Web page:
Whether you’re thumbing through a perfectly curated social media feed or receiving a rejection letter from your dream job, it can be easy to be disappointed when things don’t go according to plan. While all of us hold expectations, managing what is realistic and feasible can be challenging.
Can adjusting our expectations be the key to a happier life? And if so, how do we get started on changing our outlook?
This content is also available in Spanish.
Dr. Coyne answered questions, including:
- How do we break the cycles of perfectionism, guilt, and shame around expectations?
- Do you have any advice about acceptance when we find ourselves in unexpected moments?
- What advice would you have about managing expectations for someone about to graduate and look for a job?
- There are many stressors related to finding work, especially right now with so many people looking. How do we manage the expectations of our families and friends who think that not finding a job is a sign of a lack of effort?
- How can we help younger people who are afraid to explore different career paths because of the expectations of their parents?
- Many people are extremely stressed right now. Would you talk about the difference between helpful and harmful levels of stress?
- We all plan for life to get back to normal. Is this healthy? Or is now the time to admit to ourselves that life might never be the same again, and it’s time to consider setting new goals and expectations?
- What tips do you have for dealing with setting exceptionally high expectations and then being disappointed in ourselves? How do we stop this cycle?
- As someone who isn’t a physically small person, I often feel as if people look at me as being weak or as someone who has unhealthy habits. How do I manage the expectation of being thin and the negative thoughts I think that others have of me?
- Regarding school, children with learning disabilities are falling behind right now and getting even further behind other children their age. How can parents help accept this fact and stay hopeful?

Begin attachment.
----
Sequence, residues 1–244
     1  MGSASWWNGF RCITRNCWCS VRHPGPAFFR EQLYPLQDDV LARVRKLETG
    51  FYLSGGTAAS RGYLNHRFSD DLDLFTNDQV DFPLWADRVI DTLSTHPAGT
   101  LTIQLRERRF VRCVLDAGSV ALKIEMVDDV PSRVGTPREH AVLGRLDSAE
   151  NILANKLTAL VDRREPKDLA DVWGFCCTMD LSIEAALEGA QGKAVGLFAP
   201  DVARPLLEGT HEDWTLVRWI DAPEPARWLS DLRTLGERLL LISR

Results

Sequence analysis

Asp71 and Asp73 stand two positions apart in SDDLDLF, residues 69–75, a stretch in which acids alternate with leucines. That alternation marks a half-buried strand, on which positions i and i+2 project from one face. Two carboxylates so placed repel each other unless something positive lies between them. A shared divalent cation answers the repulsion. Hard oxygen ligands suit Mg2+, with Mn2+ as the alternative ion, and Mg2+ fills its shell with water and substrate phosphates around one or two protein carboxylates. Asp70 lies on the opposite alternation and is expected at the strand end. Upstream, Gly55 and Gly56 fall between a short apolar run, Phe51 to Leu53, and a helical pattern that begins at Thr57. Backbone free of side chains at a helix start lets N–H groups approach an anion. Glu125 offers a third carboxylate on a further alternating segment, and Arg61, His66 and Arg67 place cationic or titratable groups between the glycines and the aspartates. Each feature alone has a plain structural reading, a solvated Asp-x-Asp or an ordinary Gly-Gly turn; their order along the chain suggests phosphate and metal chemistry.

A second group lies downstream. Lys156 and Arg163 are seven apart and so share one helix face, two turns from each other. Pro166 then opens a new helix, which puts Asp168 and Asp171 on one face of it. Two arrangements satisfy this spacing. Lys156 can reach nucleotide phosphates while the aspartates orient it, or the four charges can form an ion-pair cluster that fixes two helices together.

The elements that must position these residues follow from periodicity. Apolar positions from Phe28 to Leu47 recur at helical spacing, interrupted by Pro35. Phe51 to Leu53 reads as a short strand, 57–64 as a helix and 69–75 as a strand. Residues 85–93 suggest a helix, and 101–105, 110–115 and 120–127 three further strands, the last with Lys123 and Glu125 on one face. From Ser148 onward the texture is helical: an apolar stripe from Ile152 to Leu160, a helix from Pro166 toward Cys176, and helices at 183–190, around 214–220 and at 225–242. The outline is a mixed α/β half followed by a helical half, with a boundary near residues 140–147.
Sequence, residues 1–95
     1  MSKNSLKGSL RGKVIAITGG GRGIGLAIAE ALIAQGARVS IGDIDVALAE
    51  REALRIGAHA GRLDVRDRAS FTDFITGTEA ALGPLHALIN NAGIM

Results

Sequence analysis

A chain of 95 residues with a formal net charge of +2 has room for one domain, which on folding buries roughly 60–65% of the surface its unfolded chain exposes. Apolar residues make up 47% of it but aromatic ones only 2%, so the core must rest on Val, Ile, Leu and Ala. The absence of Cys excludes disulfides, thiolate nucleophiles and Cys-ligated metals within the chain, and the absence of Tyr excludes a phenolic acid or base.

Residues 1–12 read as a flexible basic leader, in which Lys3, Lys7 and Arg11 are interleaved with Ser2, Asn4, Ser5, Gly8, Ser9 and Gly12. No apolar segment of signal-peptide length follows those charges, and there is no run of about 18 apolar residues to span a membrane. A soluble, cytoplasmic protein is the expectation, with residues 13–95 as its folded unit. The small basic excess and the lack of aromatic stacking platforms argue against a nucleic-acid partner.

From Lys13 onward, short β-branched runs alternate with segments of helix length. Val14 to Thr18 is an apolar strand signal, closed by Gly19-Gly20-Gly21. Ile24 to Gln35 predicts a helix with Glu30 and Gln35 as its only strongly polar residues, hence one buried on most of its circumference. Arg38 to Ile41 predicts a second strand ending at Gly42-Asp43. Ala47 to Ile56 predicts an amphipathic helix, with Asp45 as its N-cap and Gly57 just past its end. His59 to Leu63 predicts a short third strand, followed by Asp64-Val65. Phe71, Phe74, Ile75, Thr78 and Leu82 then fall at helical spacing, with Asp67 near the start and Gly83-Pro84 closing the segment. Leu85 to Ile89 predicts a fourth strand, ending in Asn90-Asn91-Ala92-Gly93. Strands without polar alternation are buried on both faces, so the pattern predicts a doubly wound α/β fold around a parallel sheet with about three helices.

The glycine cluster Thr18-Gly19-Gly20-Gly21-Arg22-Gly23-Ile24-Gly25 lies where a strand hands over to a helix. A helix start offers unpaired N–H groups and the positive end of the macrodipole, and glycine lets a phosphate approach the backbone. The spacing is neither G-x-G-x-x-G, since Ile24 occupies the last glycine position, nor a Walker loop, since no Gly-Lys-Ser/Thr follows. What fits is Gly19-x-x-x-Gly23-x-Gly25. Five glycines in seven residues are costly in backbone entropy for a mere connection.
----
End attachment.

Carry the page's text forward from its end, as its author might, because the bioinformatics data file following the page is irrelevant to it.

- My dad, while mentally healthy, has been having a lot of physical health struggles, which aren’t common for someone his age. How can we help a loved one accept physical limitations?
- I’m afraid that many older people are more isolated than ever. How can we help older people navigate the limited amount of social interaction they have right now?
- How can we adjust future expectations of kids being schooled remotely right now?
You may find this additional information helpful:
- Books on acceptance and commitment therapy – Kelly G. Wilson
- Book: The Perfectionist’s Handbook – Jeff Szymanski
About Dr. Coyne
Lisa W. Coyne, PhD, is an assistant professor of psychology in the Department of Psychiatry, part-time, at Harvard Medical School, and is a senior clinical consultant at the Child and Adolescent OCD Institute (OCDI Jr.) at McLean Hospital.
Dr. Coyne has published numerous peer-reviewed articles and chapters on anxiety, OCD, and parenting. She is the author of “The Joy of Parenting: An Acceptance and Commitment Therapy Guide to Effective Parenting in the Early Years,” a book for parents of young children.
Recent books by Dr. Coyne:
- Stuff That’s Loud: A Teen’s Guide to Unspiraling When OCD Gets Noisy
- Acceptance and Commitment Therapy: The Clinician’s Guide for Supporting Parents
- The Joy of Parenting: An Acceptance and Commitment Therapy Guide to Effective Parenting in the Early Years
Learn more about Dr. Coyne.
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